The Kids From The BBC Dad Video Have Their Own Cartoon Show Now

by Madeleine Aggeler

Last month, four-year-old Marion Kelly and her infant brother, James, burst into their father Robert’s office while he was doing an interview with the BBC, dancing across the screen and into our cold, jaded hearts. The video immediately went viral, accumulating over 16 million views in the first days. Now, the BBC family has their own TV show. ‘The Adventures of Mina and Jack’ is an animated series inspired by Marion and James, that follows Mina and her little brother Jack around the world as they help their dad out of various jams.

In case you don’t remember the video, or you just want to think about it again because it fills you with joy and hope that there is still goodness in this chaotic world, here’s a refresher: Robert Kelly, a Political Science professor and expert on East Asian affairs, was being interviewed by the BBC’s James Menendez about the impeachment of South Korean President Park Geun-hye when Marion enters the room. The toddler hesitates for a moment and then, because she’s a confident, modern woman who doesn’t need your permission to exist, she saunters into the room and starts dancing, followed closely by her little brother, James, and her mother, Jung-a Kim, who clearly can’t get five minutes to catch a breath.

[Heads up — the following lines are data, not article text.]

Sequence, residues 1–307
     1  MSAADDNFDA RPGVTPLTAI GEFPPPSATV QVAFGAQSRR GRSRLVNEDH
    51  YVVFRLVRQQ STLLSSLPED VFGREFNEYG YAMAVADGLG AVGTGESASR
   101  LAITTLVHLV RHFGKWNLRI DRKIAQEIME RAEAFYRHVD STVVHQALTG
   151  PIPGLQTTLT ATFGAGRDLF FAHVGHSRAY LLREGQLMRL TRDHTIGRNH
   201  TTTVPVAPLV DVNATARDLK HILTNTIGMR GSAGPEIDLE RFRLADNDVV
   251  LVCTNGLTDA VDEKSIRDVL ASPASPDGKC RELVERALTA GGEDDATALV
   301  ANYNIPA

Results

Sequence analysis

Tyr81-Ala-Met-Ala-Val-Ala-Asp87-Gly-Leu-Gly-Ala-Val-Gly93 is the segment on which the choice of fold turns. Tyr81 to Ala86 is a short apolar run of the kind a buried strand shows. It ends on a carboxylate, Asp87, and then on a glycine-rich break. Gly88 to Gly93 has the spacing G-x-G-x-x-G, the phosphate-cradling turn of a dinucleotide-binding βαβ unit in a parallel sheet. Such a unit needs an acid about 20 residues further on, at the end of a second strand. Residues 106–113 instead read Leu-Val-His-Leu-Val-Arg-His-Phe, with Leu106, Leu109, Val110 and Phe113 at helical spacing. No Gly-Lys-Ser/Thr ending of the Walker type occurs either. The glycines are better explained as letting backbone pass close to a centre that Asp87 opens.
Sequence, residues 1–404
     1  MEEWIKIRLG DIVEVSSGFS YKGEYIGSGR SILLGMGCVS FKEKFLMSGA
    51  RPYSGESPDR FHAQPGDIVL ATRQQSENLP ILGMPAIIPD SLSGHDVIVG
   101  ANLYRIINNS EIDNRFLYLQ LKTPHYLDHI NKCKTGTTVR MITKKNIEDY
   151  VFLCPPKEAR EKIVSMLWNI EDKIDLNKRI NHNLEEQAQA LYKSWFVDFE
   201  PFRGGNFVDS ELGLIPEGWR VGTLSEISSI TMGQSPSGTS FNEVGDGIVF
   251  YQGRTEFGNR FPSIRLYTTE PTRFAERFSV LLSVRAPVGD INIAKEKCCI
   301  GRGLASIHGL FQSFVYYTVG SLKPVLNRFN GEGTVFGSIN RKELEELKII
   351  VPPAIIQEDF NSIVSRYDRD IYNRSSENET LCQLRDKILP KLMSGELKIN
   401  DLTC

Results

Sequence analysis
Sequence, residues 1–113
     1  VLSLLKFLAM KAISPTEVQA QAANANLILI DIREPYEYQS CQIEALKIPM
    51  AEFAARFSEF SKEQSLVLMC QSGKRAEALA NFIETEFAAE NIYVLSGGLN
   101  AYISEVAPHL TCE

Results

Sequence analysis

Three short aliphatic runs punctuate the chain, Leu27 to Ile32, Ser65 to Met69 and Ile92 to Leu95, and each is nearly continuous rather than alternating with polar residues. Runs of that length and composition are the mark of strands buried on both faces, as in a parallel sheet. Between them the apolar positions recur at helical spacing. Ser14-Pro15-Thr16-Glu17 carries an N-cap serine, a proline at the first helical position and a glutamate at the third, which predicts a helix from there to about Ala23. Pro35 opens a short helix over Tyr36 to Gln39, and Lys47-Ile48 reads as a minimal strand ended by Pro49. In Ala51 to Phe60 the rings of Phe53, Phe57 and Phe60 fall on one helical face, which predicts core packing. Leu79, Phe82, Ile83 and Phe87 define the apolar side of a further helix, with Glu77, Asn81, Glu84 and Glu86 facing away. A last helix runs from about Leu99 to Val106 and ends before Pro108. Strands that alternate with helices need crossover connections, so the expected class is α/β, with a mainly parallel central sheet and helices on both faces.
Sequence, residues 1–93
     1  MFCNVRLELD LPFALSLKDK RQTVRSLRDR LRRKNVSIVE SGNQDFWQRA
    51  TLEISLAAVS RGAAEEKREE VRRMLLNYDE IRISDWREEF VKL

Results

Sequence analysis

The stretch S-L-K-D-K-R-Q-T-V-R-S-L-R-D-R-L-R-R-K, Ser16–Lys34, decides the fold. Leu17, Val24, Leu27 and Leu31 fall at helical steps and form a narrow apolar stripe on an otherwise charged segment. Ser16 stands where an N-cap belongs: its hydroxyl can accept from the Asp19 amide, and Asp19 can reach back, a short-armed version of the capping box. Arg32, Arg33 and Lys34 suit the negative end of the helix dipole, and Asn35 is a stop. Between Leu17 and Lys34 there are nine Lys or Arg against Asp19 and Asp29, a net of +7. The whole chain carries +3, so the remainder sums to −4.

In the new animated series, the kids go on adventures far beyond their dad’s office and the wilds of viral fame. In the first episode, Mina, who has Marion’s signature pink glasses, and Jack, who rolls around in a baby walker just like James, accompany their dad on a work trip to North Africa. Young Mina narrates the story, and explains that her mother’s favorite thing is “yoghurt” (she means yoga) and that her dad works for “the Un” (the U.N.). Mina and Jack overhear their dad talking about a gold thief and set out to find him using, in my opinion, the single best espionage tactic ever devised: standing on each other’s shoulders in a trench coat so they look like a single adult instead of two small children. They take an elephant to the market, where they trip over the thief and save the day, chased, as always, by their beleaguered mother.

The series was developed by Lauren Martin and Jarryd Mandy, a Brooklyn couple who originally conceived it as a children’s book after watching the viral video over 100 times. After storyboarding for a couple of days, Martin, who’s a writer and producer at Complex, and Mandy, who is an app developer, decided that animation was the only way to bring Mina and Jack’s story to life.

And how does the BBC family feel about all of this? They love it. “I thought it was so cute. My wife and I both laughed. They made me look suitably dorky,” said Robert Kelly.

No word yet on when the next episodes will come out, but whenever they do, our souls are ready.